Soon after the bill passed, the USPS’ package-delivery component started facing rising competition from privately owned shipping companies, which started lobbying to eliminate the USPS and nab its market share. Separately, the rise of the internet caught the Postal Service flat-footed in its mail-delivery segment. People began sending fewer letters and packages, and when packages were shipped, the majority were no longer going through the USPS.
Unlike Amazon — which has fully automated inventory tracking that allows the company to know the dimensions and weight of whatever you buy the moment you click a button and pack delivery trucks as efficiently as possible — the USPS has continued to depend on postal workers to work face to face with customers bringing in, well, whatever they bring in to ship that day.
Amid the competition and modernization of correspondence, the USPS continued to operate on the same lean revenue model propped up on the sale of stamps and first-class mail, limiting its ability to make the investments needed to create new infrastructure, products, fleet management and generally modernize its operations to compete in the new market. So, mail continues to move at the same rate, or slower than, it has in the past.
Altogether, it has created a system that seems clunky to customers, an agency that relies on highly specific points of sale with lowering demand and a human workforce that has to compete with Amazon technology.
From 2005 to 2021, the total annual volume of mail handled by employees dropped by 82.8 billion pieces. A corresponding decline in revenue decimated its bottom line. In 2005, the USPS achieved a net income of $1.4 billion; in 2010, it reported a net loss of $8.5 billion. To survive, the USPS would have to become “smaller, leaner and more competitive,” then-Postmaster General Patrick Donahoe said in 2011. That year, the agency announced out of a total of about 35,600 post offices, it had targeted 3,652 for closure.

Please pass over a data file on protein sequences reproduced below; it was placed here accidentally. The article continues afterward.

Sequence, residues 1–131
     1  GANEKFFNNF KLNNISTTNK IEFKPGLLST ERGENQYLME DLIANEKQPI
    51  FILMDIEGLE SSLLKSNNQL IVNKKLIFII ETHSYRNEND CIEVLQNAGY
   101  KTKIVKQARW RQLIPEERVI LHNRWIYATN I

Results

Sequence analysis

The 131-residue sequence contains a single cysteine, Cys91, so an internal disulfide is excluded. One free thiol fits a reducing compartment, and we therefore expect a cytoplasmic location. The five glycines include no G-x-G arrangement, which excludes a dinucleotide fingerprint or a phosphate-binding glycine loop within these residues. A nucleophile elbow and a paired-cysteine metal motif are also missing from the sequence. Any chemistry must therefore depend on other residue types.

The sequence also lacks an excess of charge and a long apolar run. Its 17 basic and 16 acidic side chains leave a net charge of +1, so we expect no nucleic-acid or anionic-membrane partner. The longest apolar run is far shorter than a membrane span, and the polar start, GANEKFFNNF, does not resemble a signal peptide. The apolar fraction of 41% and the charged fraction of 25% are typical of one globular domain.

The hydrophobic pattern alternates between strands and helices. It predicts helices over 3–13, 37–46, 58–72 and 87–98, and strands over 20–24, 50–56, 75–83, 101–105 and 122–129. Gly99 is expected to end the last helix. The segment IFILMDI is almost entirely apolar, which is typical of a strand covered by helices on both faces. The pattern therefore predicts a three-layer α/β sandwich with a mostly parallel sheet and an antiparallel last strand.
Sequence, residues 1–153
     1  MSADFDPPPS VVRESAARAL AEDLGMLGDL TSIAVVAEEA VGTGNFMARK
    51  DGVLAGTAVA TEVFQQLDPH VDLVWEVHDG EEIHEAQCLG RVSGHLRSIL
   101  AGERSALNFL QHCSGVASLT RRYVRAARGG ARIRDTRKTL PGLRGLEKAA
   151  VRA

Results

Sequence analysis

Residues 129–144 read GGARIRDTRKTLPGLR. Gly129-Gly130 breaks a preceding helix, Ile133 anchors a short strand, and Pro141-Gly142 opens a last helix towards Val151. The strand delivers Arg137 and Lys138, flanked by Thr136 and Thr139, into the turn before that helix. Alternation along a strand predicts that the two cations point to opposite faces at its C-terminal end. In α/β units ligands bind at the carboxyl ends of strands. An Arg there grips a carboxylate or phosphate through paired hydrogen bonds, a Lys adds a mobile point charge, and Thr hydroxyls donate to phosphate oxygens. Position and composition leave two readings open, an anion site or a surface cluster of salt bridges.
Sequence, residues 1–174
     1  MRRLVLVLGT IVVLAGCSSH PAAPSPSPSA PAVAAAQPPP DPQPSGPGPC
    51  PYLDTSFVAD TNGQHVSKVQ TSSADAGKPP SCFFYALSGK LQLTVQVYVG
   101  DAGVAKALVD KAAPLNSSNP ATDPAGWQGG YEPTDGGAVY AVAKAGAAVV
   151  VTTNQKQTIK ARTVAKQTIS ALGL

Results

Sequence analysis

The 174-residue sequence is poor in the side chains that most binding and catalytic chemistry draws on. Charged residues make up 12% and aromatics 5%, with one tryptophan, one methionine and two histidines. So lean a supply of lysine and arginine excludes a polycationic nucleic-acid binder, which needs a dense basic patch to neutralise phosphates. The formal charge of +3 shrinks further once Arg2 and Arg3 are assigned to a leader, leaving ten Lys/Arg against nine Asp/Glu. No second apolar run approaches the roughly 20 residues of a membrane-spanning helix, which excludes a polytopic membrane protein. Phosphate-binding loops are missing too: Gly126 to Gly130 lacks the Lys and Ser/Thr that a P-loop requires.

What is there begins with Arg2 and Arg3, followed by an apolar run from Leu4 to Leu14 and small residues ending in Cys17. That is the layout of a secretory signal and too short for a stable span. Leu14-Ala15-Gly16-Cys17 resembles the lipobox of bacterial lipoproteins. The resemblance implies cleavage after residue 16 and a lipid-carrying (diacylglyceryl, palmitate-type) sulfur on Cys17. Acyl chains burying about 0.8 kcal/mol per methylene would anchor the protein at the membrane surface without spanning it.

Gabbs’ was on the list, along with 13 others in Nevada — most in rural areas. Dozens of residents gathered on the K-12 school’s gym bleachers, taking turns to denounce the closure project. “It will kill the town,” Hazel Dummar, a longtime resident, told the Las Vegas Review-Journal. Eventually, the USPS walked back its plan and instead moved to cut hours at 13,000 rural mail facilities.
The agency hobbled through the 2010s, with the percentage of one-day, two-day and three- to five-day first-class mail delivered on time improving before leveling off and declining between 2011 through 2014, according to the U.S. Government Accountability Office. Between 2014 and 2019, first-class mail in the three- to five-day category was delivered on time at a rate of 82 percent, largely missing the USPS’ self-determined target of 95.25 percent, according to the Postal Regulatory Commission, which oversees the agency.
Today, mail services are slowly improving, but they aren’t better than they have been in the past. Last year, the agency announced it was pushing deliveries back by up to two days for first-class mail traveling more than 1,908 miles. The change is part of a 10-year plan by Postmaster General Louis DeJoy that calls for additional cutbacks he says will put the agency back in the green. Rather than study why standards have suffered in recent years, and what can be done to improve them, the USPS is saying, “If you just give us more time to deliver stuff, we’ll deliver stuff on time.” In the third quarter of 2022 — which ended June 30 — the agency reported an average delivery time for mail across the network as 2.4 days, with 93.5 percent of first-class mail delivered on time.